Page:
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The impact of the war on women. By Mr S F Yelland King’s High School, Pontefract. Downloaded from www.SchoolHistory.co.uk. Key points Before the war, the most common employment for a woman was as a domestic servant. However, women were also employed in what were
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The impact of the war on women By Mr S F Yelland King’s High School, Pontefract Downloaded from www.SchoolHistory.co.uk
Key points Before the war, the most common employment for a woman was as a domestic servant. However, women were also employed in what were seen to be suitable occupations e.g. teaching, nursing, office work.
Key points When war broke out in August 1914, thousands of women were sacked from jobs in dressmaking, millinery and jewellery making.They needed work – and they wanted to help the war effort.
Key points Suffragettes stopped all militant action in order to support the war effort.
Key points At first, there was much trade union opposition and the employment of women had not increased significantly before the summer of 1915. In July 1915, a ‘Right to Work’ ,march was organised by a leading suffragette, Christabel Pankhurst.
Key points The shell shortage crisis in 1915 began to change the situation. Women were taken on to work in munitions factories. The government did a deal with the trade unions, known as the Treasury Agreements. The unions agreed to accept female labour in place of men ‘for the duration of the war’.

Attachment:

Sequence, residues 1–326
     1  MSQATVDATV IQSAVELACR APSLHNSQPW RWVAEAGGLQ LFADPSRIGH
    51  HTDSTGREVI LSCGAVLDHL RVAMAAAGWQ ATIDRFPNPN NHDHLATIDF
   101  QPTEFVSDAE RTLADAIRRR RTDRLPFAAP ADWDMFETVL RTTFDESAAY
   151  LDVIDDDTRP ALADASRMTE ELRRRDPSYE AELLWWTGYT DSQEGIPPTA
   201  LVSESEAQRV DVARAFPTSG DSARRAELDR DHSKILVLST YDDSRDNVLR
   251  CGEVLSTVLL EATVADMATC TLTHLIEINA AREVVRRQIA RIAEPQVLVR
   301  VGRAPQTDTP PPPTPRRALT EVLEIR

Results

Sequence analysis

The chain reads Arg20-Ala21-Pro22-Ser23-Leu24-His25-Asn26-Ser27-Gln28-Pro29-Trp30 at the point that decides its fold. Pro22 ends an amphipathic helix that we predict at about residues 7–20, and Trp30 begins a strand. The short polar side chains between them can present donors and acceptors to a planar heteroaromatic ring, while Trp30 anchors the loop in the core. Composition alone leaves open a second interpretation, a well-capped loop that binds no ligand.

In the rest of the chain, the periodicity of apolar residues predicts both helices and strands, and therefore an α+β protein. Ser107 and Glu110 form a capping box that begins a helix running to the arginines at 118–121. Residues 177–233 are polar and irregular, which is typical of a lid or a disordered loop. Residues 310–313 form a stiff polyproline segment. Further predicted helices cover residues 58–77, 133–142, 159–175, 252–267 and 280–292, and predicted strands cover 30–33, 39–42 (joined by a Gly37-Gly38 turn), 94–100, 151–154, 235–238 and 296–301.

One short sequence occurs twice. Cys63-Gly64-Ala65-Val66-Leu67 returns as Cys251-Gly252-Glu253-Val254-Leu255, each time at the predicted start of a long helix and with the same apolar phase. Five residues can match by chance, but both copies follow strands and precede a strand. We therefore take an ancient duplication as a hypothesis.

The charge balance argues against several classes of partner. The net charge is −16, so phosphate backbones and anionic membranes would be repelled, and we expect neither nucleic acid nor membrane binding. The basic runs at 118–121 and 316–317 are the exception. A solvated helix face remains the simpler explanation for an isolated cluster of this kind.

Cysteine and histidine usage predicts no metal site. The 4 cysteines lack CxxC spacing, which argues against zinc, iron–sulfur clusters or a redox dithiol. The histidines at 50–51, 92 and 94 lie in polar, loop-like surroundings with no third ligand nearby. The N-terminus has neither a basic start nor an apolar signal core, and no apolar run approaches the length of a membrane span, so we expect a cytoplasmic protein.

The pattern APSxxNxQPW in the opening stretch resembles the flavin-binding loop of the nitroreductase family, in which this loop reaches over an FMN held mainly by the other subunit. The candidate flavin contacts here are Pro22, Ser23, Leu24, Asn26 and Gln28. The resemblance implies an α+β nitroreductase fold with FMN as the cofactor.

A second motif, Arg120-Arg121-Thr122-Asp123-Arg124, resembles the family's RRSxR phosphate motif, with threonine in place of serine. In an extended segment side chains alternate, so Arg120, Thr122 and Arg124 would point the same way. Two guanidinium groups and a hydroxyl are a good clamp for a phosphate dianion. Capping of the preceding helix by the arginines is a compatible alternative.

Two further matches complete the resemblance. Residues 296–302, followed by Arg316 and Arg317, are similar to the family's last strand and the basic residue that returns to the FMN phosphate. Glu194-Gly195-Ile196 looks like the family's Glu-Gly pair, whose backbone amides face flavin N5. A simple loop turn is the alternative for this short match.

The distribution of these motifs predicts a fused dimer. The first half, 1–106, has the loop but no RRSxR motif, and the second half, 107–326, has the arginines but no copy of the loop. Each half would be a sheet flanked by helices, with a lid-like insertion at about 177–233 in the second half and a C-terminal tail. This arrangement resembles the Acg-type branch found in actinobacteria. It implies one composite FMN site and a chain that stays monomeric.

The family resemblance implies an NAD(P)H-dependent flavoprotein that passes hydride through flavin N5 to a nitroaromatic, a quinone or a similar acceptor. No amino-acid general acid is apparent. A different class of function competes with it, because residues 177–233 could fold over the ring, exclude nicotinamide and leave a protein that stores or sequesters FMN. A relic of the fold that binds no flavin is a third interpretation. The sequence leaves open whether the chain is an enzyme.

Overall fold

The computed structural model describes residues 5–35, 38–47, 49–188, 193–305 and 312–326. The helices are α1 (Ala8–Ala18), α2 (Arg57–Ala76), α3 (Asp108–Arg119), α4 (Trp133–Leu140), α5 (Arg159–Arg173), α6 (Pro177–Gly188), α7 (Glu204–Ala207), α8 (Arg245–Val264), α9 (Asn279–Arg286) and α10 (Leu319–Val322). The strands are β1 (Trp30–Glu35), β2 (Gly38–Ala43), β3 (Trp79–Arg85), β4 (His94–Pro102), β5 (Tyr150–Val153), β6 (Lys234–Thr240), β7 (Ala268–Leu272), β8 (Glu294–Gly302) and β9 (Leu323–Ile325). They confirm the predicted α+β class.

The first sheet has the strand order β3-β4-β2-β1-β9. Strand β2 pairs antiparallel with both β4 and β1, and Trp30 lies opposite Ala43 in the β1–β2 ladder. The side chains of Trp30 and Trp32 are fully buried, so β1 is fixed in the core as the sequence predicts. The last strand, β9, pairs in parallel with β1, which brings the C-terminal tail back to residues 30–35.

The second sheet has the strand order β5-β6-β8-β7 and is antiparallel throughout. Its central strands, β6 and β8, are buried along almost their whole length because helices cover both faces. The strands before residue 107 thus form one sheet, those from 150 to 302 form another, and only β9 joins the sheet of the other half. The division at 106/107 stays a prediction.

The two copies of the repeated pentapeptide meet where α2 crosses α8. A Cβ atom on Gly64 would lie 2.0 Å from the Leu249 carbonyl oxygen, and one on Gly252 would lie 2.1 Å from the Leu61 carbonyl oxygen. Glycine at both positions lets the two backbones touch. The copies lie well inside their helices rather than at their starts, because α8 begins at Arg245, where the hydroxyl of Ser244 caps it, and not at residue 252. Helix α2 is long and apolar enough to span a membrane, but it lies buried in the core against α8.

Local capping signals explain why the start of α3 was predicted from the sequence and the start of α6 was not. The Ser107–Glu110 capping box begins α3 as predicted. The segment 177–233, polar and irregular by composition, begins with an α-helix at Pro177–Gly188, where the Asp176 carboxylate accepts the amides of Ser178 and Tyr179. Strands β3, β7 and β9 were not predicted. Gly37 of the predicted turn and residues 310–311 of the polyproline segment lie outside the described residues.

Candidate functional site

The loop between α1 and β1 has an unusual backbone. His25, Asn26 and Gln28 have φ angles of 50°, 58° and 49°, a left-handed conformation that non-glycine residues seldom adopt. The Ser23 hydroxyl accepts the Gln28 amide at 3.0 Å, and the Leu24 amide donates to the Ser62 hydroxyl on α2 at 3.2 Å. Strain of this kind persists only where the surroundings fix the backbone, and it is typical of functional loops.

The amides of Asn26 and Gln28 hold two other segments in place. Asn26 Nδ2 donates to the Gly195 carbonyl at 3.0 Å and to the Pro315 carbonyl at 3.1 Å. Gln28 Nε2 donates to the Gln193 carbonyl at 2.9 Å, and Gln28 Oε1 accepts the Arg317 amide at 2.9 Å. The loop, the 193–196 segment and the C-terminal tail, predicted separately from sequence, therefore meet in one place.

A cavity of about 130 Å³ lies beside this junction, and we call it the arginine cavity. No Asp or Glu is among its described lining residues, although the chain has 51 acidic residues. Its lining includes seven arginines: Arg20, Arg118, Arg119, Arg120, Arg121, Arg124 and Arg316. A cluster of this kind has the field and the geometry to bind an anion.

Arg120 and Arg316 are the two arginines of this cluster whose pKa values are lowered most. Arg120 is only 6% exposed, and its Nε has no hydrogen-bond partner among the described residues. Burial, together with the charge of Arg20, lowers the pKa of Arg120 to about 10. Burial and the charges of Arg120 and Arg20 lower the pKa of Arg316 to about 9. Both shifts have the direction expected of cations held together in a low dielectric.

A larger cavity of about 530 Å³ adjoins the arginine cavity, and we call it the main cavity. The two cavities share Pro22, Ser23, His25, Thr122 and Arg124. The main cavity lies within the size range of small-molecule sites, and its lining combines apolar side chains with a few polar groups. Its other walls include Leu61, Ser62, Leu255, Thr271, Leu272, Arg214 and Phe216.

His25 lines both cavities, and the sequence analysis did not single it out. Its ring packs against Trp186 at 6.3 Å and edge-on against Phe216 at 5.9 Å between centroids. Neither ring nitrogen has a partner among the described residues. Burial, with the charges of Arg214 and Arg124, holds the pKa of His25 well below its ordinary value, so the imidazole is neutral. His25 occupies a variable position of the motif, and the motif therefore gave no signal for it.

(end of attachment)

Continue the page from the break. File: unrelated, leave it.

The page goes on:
Key points The introduction of conscription in 1916 led to an increase in the number of women employed in all sectors of the economy.
Key points Many women were paid good wages, especially in munitions factories, but in most cases they were paid lower rates than men. Improved wages did permit greater independence for some women.
Key points Women became more visible in the world of work. They were seen to be doing important jobs.
Key points The armed forces also employed women, but the jobs were mainly of a clerical and domestic nature.
Key points Women were in great demand for the ‘caring’ side of employment and became nurses in the First Aid Nursing Yeomanry, and drivers and clerks in Voluntary Aid Detachments. VAD’s
After the War 1 Women were expected to give way to men returning from the forces and return to pre-war ‘women’s work’. 2 The assumption that ‘a woman’s place is in the home’ returned. 3 The percentage of women at work returned to pre-war levels. 4 More women than before worked in offices.
After the War 5 Shorter skirts and hair became fashionable. 6 Women went out with men without a chaperone. 7 Women smoked and wore make-up in public for the first time. 8 In 1919: being female or married was no longer allowed to disqualify someone from holding a job in the professions or civil service.
The End Of My Presentation.